Google, the Company that has Practically Destroyed Print Advertising, Wins $1 Million in USA Today Print Advertising Contest
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USA Today has announced the winner of $1 million in free advertising in its contest to encourage creativity in print advertising: Google.
It’s hard to know why USA Today would’ve allowed Google to enter in the first place. Google has done more than anyone to destroy print media by outright stealing its revenue over the past 10 years, acting as little more than an electronic middle man that skims profits.
Moreover, it’s a smug, irritating move for Google to enter the contest at all — and they won it with a smug, self-congratulatory ad for Google Plus:
The winning ad, which ran in October, was simple. It reprinted a paragraph from a newspaper article reporting that the Dalai Lama had “scrapped plans” to attend the 80th birthday celebration of a fellow Nobel laureate, Desmond M. Tutu of South Africa, because his visa request was not granted.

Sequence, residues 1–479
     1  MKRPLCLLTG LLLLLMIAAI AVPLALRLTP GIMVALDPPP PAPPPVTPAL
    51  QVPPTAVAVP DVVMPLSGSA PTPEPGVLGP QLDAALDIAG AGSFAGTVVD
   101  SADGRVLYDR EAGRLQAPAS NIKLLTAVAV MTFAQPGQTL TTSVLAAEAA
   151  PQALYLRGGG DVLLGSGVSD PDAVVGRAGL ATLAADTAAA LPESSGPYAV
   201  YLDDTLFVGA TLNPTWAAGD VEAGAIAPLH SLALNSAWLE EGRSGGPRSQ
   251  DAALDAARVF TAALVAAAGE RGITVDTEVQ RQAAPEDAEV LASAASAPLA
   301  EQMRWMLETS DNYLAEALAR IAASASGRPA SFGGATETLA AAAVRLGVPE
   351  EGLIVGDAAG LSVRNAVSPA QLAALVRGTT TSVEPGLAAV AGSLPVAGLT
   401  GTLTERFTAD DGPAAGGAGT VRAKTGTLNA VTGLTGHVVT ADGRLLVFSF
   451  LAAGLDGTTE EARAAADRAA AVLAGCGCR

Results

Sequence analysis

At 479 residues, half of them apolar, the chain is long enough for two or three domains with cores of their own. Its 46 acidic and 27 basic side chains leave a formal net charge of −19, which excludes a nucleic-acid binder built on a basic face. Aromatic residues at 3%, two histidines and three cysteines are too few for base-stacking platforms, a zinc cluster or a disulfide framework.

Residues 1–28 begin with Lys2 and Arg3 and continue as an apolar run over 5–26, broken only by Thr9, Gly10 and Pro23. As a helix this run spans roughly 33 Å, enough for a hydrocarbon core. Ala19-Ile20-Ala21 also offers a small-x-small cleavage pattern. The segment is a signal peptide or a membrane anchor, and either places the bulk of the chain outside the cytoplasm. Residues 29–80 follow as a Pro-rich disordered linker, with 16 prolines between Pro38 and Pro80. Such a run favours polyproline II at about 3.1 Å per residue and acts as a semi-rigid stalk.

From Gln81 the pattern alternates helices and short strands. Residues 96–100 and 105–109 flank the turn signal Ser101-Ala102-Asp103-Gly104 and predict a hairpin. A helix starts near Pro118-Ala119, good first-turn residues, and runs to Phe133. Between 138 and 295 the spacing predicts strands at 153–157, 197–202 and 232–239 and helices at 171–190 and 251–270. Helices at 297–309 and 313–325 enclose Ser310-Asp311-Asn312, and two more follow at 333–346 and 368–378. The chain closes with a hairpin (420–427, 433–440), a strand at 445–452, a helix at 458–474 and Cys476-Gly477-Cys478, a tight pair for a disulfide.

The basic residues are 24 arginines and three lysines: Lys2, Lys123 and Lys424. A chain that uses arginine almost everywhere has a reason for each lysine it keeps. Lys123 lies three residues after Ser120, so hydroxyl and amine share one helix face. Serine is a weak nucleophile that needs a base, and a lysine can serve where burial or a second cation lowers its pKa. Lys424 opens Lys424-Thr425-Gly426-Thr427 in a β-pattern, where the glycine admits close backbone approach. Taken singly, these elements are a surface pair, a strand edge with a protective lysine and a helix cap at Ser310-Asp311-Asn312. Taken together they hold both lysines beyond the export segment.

The ad updated the article by crossing out words like “scrapped plans” and replacing them with “joined” and “via Hangout.”
Hey, the Dali Lama goes digital, how hip. What was the average age of the judges, about 75?
The two runner ups were Save the Children and an ad for a new toy, Nanoblock.
Larry Kramer, president and publisher at USA Today said “I was upset that agencies weren’t doing enough print creative and putting their best and brightest people on digital platforms…I’m worried the skill set is atrophying and wanted to do something to remind the world that print creative matters.”
Congratulations. He’s just proven that all your corporation has to do is loot the print world and strip it of its ability to hire competitive staff, and you, too, can come out on top.